Rawle, 324; 1 Yeates 147. 2d. The presentment of a note or bill for payment
ought to be made on the day it becomes due, and notice of non-payment given,
otherwise the holder will lose the security of the drawer and endorsers of a
bill and the endorsers of a promissory note, and in case the note or bill be
payable at a particular place and the money lodged there for its payment,
the holder would probably have no recourse against the maker or acceptor, if
he did not present them on the day, and the money should be lost. 5 Barn. &
Ald. 244. Vide 5 Com. Dig. 134; 2 John. Cas. 75; 3 John. R. 230; 2 Caines'
Rep. 343; 18 John. R. 230; 2 John. R. 146, 168, 176; 2 Wheat. 373; Chit. on
Bills, Index, h.t.; Smith on Mer. Law, 138; Byles on Bills, 102.
7. The excuses for not making a presentment are general or applicable
to all persons, who are endorsers; or they are special and applicable to the
particular' endorser only.
8.-1. Among the former are, 1. Inevitable accident or overwhelming
calamity; Story on Bills, Sec. 308; 3 Wend. 488; 2 Smith's R. 224. 2. The
prevalence of a malignant disease, by which the ordinary operations of
business are suspended. 2 John. Cas. 1; 3 M. & S. 267; Anth. N. P. Cas. 35.
3. The breaking out of war between the country of the maker and that of the
holder. 4. The occupation of the country where the note is payable or where
the parties live, by a public enemy, which suspends commercial operations
and intercourse. 8 Cranch, 155 15 John. 57; 16 John. 438 7 Pet. 586 2 Brock.
20; 2 Smith's R. 224. 51. The obstruction of the ordinary negotiations of
trade by the vi's maj or. 6. Positive interdictions and public regulations
of the state which suspend commerce and intercourse. 7. The utter
impracticability of finding the maker, or ascertaining his place of
residence. Story on Pr. N. 205, 236, 238, 241, 264.
9.-2. Among the latter or special excuses for not making a
presentment may be enumerated the following: 1. The receiving the note by
the holder from the payee, or other antecedent party, too late to make a due
presentment; this will be an excuse as to such party. 16 East, 248; 7 Mass.
483; Story, P. N. Sec. 201, 265; 11 Wheat. 431 2 Wheat. 373. 2. The note
being an accommodation note of the maker for the benefit of the endorser.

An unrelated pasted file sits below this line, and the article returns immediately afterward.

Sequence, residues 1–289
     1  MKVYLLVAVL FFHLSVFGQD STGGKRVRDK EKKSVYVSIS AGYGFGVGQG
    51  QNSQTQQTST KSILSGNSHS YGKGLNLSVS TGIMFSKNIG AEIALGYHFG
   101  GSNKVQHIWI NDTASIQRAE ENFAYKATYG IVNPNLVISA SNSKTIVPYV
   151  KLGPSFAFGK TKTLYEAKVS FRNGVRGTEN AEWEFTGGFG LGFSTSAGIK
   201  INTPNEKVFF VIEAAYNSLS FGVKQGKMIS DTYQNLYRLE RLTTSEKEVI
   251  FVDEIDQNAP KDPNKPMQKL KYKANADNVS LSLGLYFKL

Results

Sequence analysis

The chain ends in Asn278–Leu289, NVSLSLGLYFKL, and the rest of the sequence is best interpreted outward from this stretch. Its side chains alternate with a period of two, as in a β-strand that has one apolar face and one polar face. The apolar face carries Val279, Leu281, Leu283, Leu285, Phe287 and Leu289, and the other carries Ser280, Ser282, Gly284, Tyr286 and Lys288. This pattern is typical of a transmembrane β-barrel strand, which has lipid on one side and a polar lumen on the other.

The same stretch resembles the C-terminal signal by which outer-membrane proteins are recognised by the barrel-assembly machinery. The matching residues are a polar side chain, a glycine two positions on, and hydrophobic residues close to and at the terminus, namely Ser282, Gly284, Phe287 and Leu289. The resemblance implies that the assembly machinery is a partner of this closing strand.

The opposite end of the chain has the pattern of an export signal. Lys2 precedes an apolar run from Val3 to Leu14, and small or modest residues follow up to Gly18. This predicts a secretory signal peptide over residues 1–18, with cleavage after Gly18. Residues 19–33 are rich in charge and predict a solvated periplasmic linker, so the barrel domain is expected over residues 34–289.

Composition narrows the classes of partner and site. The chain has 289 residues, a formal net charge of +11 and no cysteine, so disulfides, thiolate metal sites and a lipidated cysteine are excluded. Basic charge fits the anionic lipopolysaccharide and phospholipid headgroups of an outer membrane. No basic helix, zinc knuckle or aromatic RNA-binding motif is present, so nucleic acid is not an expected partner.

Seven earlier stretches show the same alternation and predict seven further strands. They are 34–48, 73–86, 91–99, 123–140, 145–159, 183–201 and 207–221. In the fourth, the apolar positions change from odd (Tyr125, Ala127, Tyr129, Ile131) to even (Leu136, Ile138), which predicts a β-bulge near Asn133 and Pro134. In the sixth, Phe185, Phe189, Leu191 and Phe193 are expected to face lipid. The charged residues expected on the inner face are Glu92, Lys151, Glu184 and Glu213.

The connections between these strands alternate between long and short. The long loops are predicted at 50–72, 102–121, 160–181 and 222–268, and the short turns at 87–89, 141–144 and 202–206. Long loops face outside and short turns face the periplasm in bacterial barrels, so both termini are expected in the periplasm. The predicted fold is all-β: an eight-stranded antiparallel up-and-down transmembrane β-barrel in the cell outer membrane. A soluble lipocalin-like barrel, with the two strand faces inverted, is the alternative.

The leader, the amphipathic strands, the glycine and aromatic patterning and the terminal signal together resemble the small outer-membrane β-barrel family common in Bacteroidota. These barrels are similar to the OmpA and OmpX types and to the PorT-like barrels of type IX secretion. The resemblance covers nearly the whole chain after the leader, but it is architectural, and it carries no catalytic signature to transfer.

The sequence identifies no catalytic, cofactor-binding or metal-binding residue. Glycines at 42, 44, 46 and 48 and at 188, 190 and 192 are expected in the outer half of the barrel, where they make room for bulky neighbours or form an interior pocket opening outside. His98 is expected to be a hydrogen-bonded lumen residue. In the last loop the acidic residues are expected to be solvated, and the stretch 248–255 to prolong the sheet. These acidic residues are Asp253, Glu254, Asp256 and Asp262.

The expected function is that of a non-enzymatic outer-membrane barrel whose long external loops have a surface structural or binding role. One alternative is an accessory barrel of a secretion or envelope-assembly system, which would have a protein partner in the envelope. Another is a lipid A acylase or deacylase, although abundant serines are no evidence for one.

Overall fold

Story on Bills, Sec. 370; see 2 Brock. 20; 7 Harr. & J. 381; 7 Mass. 452; 1
Wash. C. C. R. 461; 2 Wash. C. C. R. 514; 1 Raym. 271; 4 Mason, 113; 1 Har.
& G. 468; 1 Caines, 157; 1 Stew. 175; 5 Pick. 88; 21 Pick. 327. 3. A special
agreement by which the endorser waives the presentment. 8 Greenl. 213; 11
Wheat. 629; Story on Bills, Sec. 371, 373; 6 Wheat. 572. 4. The receiving
security or money by an endorser to secure himself from loss, or to pay the
note at maturity. In this case, when the indemnity or money is a full
security for the amount of the note or bill, no presentment is requisite.
Story on Bills, Sec. 374; Story on P. N. Sec. 281; 4 Watts, 328.; 9 Gill &
John. 47; 7 Wend. 165; 2 Greenl. 207; 5 Mass. l70; 5 Conn. 175. 5. The
receiving the note by the holder from the endorser, as a collateral security
for another debt. Story on Pr. Notes, Sec. 284; Story on Bills, Sec. 372; 2
How. S. C. R. 427, 457.
10. A want of presentment may be waived by the party to be affected,
after a full knowledge of the fact. 8 S. & R. 438; see 6 Wend. 658; 3 Bibb,
102; 5 John. 385; 4 Mass. 347; 7 Mass. 452; Wash. C. C. R. 506; Bac. Ab.
Merchant, &c. M. Vide, generally, 1 Hare & Wall. Sel. Dec. 214, 224. See
Notice of dishonor.
Bouvier's Law Dictionary, Revised 6th Ed (1856):
PRESENTMENT, crim. law, practice. The written notice taken by a grand jury
of any offence, from their own knowledge or observation, without any bill of
indictment laid before them at the suit of the government; 4 Bl. Com. 301;
upon such presentment, when 'proper, the officer employed to prosecute,
afterwards frames a till of indictment, which is then sent to the grand
jury, and they find it to be a true bill. In an extended sense presentments
include not only what is properly so called, but also inquisitions of
office, and indictments found by a grand jury. 2 Hawk. c. 25, s. 1.
2. The difference between a presentment and an inquisition, (q.v.) is
this, that the former is found by a grand jury authorized to inquire of
offences generally, whereas the latter is an accusation found by a jury
specially returned to inquire concerning the particular offence. 2 Hawk. c.
25, s. 6. Vide, generally, Com. Dig. Indictment, B Bac. Ab. Indictment, A 1
Chit. Cr. Law, 163; 7 East, R. 387 1 Meigs. 112; 11 Humph. 12.
3. The writing which contains the accusation so presented by a grand
jury, is also called a presentment. Vide 1 Brock. C. C. R. 156; Grand Jury.